The government’s blushes at being included in ‘coalition’ against terrorism without it’s knowledge by Saudi Arabia deepened when Adviser to Prime Minister on Foreign Affairs Sartaj Aziz was grilled on the floor of the senate on the government’s decision. He admitted on Monday to the Senate that Pakistan was still unaware of the full details of the Saudi-led coalition against terrorism and cautioned parliament against “complicating” the process by “prematurely” discussing it. The irony that the government assented to the coalition – a much more weighty and permanent action than discussion – before knowing the full details is lost on the minister.

To be fair to Sartaj Aziz, Pakistan is not the only country blindsided by Saudi Arabia, both Indonesia and Malaysia had to give diplomatic statements giving support to the collation’s objectives but heavily reserving their actions; Malaysia ruled out military intervention completely while Indonesia claimed it is waiting for further information on “the modalities of the operation”. Furthermore the minister revealed that Saudi Arabia had been given a secret commitment regarding joining the alliance, about which the Foreign Office was not aware. Who gave this commitment? It was given in exchange of what? And why was the parliament kept in the dark? The senate was correct in pointing out that any action which requires the commitment of Pakistani forces abroad requires national assent, and hence a ‘secret commitment’ is highly improper.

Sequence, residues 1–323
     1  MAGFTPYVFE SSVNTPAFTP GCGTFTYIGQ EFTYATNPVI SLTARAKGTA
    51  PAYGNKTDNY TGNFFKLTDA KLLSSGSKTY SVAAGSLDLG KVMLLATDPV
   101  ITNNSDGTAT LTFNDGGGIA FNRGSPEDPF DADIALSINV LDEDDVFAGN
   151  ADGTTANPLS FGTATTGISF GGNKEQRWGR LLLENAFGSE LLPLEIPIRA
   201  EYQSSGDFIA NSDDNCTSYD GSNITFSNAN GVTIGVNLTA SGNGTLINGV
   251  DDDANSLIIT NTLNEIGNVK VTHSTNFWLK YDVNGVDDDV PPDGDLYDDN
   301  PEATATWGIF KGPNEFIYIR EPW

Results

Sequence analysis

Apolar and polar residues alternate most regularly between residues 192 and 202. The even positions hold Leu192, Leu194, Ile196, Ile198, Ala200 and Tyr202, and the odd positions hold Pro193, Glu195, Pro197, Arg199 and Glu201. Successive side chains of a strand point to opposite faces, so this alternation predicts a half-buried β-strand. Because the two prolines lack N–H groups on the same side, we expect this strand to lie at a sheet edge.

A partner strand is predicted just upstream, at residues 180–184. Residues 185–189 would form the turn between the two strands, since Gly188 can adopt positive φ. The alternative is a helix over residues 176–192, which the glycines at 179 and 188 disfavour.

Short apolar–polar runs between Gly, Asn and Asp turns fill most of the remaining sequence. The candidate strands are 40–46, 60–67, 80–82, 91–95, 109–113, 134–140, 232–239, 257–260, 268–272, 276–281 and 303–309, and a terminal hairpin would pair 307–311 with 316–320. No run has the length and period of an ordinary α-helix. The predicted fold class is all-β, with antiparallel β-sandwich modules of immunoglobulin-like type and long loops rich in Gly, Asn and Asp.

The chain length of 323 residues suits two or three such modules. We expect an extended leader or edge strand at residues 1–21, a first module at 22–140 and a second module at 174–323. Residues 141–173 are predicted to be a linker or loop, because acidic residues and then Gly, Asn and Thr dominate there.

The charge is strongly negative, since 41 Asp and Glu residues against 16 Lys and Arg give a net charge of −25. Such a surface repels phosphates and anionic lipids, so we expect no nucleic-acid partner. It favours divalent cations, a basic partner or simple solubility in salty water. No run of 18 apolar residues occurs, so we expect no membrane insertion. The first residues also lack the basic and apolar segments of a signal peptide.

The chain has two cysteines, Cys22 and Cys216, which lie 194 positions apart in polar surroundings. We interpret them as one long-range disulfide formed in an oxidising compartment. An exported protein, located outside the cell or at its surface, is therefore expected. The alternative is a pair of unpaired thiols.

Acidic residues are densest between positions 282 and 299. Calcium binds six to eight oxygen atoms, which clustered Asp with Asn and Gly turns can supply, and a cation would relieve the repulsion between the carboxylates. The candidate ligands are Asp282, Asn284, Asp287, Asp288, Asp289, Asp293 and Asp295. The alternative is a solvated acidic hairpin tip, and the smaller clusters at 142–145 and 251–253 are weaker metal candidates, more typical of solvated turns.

Sartaj Aziz contends that the coalition aims to combat Islamic Sate (IS), something that is also Pakistan’s objective, and hence Pakistan’s cooperation, regardless of confusion over the details should not be derided. But that statement is highly suspect; the coalition aims to combat terrorism across the Muslim world, with no concrete definition of terrorism or terror groups. Which groups will be prioritized? Who decided which groups? Lebanon as part of the coalition, does that mean Hezbollah is off the table? There are a huge range of countries involved that have very different definitions of what constitutes a terrorist group. Saudi Arabia classifies the Houthi rebels as terrorists, even if Pakistan eventually provides only material and intelligence support it may essentially help the Kingdom fight the war in Yemen – a roundabout way of doing something the parliament has expressly forbidden.

Secondly, the true aim seems to be countering the influence of the Iran, Syria, Russia axis, despite how Saudi Arabia dresses the coalition, and that is a conflict that Pakistan needs to stay out off.